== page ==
BT’s global services division has developed a “Cloud of Clouds” ecosystem that corrals services including Microsoft Azure, Amazon Web Services (AWS), Hewlett Packard Enterprise’s Helion for IP services, and Equinix data centers.
Cloud of Clouds (which has me humming a familiar Christmas song) uses Equinix data centers at 11 global locations in which BT has connected its MPLS network. BT then partners with Microsoft and AWS.
For example, it uses Azure ExpressRoute, which lets enterprises create private connections with Azure data centers. Those customers can then use Office 365 without having to use the public Internet.
“We connect their private VPN with an instance of Office 365 at the location where Microsoft is hosting it so customers have secure access,” says Keith Langridge, VP of network services at BT.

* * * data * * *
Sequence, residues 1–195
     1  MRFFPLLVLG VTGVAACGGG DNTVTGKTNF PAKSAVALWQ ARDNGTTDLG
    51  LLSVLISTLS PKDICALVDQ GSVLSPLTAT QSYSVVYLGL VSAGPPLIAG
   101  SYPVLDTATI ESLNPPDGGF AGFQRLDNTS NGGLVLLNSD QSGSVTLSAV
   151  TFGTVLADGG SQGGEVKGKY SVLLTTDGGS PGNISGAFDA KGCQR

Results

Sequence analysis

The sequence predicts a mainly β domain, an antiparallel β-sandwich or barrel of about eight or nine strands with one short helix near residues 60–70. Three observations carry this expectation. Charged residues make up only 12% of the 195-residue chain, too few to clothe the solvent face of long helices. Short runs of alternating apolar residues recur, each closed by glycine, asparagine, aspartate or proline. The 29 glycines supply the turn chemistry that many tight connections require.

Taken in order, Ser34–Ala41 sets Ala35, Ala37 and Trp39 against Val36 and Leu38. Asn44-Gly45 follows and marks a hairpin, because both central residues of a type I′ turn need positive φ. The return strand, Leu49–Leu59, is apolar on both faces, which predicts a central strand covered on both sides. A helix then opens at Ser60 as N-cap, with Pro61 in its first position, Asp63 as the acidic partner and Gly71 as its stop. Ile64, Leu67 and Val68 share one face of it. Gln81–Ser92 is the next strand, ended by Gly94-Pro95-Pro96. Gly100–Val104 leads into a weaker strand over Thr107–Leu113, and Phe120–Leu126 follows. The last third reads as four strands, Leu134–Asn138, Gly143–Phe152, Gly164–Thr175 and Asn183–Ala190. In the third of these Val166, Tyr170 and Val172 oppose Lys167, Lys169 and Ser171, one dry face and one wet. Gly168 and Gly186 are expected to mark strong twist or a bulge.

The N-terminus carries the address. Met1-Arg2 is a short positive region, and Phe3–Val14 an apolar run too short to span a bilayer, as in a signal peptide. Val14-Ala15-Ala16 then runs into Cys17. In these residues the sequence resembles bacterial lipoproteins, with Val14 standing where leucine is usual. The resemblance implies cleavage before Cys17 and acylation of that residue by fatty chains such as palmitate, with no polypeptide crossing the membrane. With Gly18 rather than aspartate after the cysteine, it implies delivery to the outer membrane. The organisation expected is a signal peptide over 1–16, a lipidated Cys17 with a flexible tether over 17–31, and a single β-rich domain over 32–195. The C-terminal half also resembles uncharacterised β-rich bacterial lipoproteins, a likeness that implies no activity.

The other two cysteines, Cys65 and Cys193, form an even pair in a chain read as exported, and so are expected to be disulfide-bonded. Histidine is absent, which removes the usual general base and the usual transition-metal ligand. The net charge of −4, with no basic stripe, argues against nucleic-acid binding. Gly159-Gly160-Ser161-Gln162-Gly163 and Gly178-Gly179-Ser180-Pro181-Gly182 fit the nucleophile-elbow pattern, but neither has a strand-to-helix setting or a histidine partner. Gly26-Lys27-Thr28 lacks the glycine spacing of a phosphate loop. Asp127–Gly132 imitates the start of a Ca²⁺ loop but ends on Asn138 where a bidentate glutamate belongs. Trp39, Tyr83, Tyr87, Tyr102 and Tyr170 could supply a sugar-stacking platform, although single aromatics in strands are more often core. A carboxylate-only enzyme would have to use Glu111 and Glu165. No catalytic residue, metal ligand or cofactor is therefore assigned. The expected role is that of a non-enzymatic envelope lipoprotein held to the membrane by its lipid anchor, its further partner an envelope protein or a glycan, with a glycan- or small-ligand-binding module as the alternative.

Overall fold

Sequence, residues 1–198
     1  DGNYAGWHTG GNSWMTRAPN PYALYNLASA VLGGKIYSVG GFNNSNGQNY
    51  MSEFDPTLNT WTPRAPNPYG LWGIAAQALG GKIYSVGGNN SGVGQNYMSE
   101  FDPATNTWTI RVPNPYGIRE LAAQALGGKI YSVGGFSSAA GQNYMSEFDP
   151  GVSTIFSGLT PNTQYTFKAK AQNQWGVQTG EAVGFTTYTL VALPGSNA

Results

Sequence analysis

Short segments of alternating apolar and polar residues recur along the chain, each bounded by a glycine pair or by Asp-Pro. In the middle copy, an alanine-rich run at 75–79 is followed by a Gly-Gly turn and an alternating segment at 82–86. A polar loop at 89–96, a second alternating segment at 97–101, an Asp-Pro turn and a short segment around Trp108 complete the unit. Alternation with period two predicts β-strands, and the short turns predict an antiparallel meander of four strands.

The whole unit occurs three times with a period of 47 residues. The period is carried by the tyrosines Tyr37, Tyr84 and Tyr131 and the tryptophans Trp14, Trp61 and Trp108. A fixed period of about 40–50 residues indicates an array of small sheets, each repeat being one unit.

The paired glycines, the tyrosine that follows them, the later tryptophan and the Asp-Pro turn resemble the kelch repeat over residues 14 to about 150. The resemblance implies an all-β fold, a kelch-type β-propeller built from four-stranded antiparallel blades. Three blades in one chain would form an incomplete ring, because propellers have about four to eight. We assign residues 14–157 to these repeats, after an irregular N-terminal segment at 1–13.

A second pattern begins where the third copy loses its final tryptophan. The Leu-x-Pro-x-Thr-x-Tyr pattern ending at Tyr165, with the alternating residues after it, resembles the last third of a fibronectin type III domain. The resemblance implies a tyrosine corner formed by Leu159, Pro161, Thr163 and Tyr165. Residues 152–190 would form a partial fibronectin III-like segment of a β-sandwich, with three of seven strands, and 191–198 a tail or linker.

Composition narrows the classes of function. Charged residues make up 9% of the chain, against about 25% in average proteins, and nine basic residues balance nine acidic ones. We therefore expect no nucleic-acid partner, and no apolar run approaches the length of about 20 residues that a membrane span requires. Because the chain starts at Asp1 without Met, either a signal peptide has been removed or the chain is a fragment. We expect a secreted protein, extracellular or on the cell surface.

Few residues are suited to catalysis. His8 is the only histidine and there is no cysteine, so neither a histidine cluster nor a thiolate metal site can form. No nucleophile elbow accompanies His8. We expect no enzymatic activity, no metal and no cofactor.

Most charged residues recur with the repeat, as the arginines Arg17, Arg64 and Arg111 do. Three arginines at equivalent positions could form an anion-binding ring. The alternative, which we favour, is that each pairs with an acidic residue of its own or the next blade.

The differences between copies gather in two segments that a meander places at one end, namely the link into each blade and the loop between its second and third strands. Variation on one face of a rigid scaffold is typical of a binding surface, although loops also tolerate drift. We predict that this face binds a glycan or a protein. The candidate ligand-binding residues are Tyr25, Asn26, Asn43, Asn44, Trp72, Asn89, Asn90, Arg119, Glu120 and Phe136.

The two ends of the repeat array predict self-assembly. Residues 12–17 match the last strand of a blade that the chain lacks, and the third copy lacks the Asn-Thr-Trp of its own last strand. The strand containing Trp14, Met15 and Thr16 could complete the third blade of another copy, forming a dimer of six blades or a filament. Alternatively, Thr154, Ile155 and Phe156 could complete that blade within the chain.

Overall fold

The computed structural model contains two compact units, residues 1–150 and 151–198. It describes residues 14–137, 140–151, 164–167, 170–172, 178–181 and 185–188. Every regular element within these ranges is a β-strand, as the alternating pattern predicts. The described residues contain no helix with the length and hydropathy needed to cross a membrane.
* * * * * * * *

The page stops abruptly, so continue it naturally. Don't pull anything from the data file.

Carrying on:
The point is to enable BT’s large customers to connect easily and securely to the applications they need, independently of where they are hosted.
“We are working with Cisco and engaged in how we can link into Intercloud,” says Langridge. “Cisco’s is a hardware- and software-based approach. Our approach is a network-based approach. We’re already connected around the world.”
BT announced this week that as part of its Cloud of Clouds, it’s deploying virtual instances of Riverbed’s Steelhead application acceleration technology in the core of its global network.
“We’re putting Riverbed in the points of presence,” says Langridge. He adds that BT has been working with Riverbed for many years on managed performance improvement. Those customers who are already using Riverbed’s services and have a Riverbed device are the “people who can most benefit” to optimize their applications, he says.
Using network functions virtualization (NFV), the new service will help customers reduce latency and optimize bandwidth usage as well as increase performance and control of their cloud-based applications.